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Socio-economic, clinical and biological risk factors for mother - to – child transmission of HIV-1 in Muhima health centre (Rwanda): a prospective cohort study

Maurice Bucagu1*, Jean de Dieu Bizimana2, John Muganda3 and Claire Perrine Humblet4

Author Affiliations

1 World Health Organization Department of Maternal, Newborn, Child and Adolescent Health, 20, Avenue Appia, CH – 1211, Geneva 27, Switzerland

2 CAMRIS International, 6931 Arlington Road, Suite 575, Bethesda, MD 20814, USA

3 Department of Obstetrics & Gynecology, Rwanda Biomedical Center/ King Faisal Hospital, P.O. Box 2534, Kigali, Rwanda

4 Université Libre de Bruxelles/Ecole de Santé Publique, Route de Lennik 808, 1070, Bruxelles, Belgium

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Archives of Public Health 2013, 71:4  doi:10.1186/0778-7367-71-4

Published: 28 February 2013



Three decades since the first HIV-1 infected patients in Rwanda were identified in 1983; the Acquired Immunodeficiency Syndrome epidemic has had a devastating history and is still a major public health challenge in the country. This study was aimed at assessing socioeconomic, clinical and biological risk factors for mother – to – child transmission of HIV- in Muhima health centre (Kigali/Rwanda).


The prospective cohort study was conducted at Muhima Health centre (Kigali/Rwanda).

During the study period (May 2007 – April 2010), of 8,669 pregnant women who attended antenatal visits and screened for HIV-1, 736 tested HIV-1 positive and among them 700 were eligible study participants. Hemoglobin, CD4 count and viral load tests were performed for participant mothers and HIV-1 testing using DNA PCR technique for infants.

Follow up data for eligible mother-infant pairs were obtained from women themselves and log books in Muhima health centre and maternity, using a structured questionnaire.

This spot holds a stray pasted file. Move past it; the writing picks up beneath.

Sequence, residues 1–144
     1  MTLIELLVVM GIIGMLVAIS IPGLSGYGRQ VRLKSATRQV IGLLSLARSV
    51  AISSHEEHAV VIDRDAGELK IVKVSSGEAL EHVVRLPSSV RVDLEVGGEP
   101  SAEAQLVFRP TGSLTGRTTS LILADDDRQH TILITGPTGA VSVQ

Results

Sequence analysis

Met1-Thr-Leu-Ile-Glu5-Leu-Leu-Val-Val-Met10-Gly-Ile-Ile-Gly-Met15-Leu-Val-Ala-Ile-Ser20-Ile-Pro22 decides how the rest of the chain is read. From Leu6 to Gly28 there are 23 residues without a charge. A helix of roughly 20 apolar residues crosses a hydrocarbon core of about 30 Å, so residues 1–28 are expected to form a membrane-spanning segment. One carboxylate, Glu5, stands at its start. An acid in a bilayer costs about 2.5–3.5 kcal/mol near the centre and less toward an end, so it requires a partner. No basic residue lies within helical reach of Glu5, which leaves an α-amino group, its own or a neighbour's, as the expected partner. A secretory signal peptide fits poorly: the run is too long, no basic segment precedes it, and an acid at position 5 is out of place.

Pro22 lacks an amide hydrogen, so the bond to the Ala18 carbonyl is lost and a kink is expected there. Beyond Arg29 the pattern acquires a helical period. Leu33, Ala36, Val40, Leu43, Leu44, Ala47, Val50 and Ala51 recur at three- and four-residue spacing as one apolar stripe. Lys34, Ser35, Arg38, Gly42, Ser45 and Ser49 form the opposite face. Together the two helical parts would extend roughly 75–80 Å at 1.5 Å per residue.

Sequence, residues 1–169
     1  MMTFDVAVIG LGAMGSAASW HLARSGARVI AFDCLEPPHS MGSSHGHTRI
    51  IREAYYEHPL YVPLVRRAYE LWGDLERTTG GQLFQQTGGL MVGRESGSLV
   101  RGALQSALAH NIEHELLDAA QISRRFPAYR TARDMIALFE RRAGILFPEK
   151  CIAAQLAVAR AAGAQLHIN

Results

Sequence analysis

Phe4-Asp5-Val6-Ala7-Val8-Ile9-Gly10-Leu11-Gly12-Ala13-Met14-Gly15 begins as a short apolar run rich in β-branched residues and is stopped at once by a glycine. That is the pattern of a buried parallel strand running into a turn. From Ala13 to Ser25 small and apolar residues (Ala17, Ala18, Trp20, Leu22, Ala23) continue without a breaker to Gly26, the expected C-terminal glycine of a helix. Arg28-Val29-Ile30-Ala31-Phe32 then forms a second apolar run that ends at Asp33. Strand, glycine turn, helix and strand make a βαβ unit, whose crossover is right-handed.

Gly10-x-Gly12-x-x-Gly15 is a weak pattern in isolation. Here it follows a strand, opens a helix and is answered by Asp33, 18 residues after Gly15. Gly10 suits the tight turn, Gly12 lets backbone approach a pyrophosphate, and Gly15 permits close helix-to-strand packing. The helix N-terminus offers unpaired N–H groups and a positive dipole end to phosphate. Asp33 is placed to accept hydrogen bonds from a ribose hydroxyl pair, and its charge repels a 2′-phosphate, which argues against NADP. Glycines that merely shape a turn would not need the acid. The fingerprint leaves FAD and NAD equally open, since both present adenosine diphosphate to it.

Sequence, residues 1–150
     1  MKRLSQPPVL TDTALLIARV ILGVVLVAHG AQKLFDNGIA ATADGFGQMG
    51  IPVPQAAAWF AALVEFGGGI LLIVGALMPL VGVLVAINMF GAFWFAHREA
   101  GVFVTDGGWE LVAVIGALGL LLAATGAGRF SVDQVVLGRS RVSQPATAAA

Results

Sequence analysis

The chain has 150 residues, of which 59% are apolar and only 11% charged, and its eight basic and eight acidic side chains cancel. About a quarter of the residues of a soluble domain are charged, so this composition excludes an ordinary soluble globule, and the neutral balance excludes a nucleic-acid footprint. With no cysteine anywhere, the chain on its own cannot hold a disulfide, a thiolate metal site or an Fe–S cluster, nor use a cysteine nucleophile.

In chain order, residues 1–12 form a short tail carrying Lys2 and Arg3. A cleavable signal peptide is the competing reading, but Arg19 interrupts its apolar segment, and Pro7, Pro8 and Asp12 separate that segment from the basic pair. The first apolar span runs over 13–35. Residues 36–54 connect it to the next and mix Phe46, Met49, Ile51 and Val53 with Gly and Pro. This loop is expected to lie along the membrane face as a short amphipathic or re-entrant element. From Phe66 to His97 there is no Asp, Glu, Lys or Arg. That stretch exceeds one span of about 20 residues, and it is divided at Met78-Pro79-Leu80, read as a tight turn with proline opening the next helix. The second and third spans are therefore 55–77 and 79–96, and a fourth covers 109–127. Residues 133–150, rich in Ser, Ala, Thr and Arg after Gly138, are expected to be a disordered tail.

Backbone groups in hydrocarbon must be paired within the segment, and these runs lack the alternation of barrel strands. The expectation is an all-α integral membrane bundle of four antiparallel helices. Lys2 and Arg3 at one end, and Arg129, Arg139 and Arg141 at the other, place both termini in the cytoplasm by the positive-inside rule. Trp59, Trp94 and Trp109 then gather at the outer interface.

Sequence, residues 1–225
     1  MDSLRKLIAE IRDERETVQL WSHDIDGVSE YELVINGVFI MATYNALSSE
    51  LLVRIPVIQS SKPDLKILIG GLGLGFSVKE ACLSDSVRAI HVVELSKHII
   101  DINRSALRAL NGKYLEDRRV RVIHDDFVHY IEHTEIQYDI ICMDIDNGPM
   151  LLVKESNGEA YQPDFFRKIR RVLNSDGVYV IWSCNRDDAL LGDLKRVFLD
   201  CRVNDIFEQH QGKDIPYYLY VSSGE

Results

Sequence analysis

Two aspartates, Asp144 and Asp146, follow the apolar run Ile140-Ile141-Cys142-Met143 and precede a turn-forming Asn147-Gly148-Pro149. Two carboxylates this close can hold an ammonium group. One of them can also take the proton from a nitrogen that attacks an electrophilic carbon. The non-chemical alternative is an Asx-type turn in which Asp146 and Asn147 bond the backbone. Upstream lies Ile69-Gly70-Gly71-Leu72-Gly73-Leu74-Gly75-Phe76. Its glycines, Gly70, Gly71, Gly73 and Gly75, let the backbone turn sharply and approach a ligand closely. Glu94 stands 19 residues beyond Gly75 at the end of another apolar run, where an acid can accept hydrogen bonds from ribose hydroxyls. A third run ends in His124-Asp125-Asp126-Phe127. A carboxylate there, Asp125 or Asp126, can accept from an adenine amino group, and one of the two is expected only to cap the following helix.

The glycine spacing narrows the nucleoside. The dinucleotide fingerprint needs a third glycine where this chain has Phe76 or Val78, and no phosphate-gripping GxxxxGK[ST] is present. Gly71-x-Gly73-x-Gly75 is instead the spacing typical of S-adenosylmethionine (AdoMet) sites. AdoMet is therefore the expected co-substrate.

Predictors of mother-to-child transmission of HIV-1 were assessed by multivariable logistic regression analysis.


Among the 679 exposed and followed-up infants, HIV-1 status was significantly associated with disclosure of HIV status to partner both at 6 weeks of age (non-disclosure of HIV status, adjusted odds ratio [AOR] 4.68, CI 1.39 to 15.77, p < 0.05; compared to disclosure) and at 6 months of age (non-disclosure of HIV status, AOR, 3.41, CI 1.09 to 10.65, p < 0.05, compared to disclosure).

A significant association between mother’s viral load (HIV-1 RNA) and infant HIV-1 status was found both at 6 weeks of age (> = 1000 copies/ml, AOR 7.30, CI 2.65 to 20.08, p < 0.01, compared to <1000 copies/ml) and at 6 months of age (> = 1000 copies/ml, AOR 4.60, CI 1.84 to 11.49, p < 0.01, compared to <1000 copies/ml).


In this study, the most relevant factors independently associated with increased risk of mother – to – child transmission of HIV-1 included non-disclosure of HIV status to partner and high HIV-1 RNA. Members of this cohort also showed socioeconomic inequalities, with unmarried status carrying higher risk of undisclosed HIV status. The monitoring of maternal HIV-1 RNA level might be considered as a routinely used test to assess the risk of transmission with the goal of achieving viral suppression as critical for elimination of pediatric HIV, particularly in breastfeeding populations.

Socioeconomic, Clinical and biological risk factors; HIV-1; Mother - to – child transmission; Cohort; Muhima/Rwanda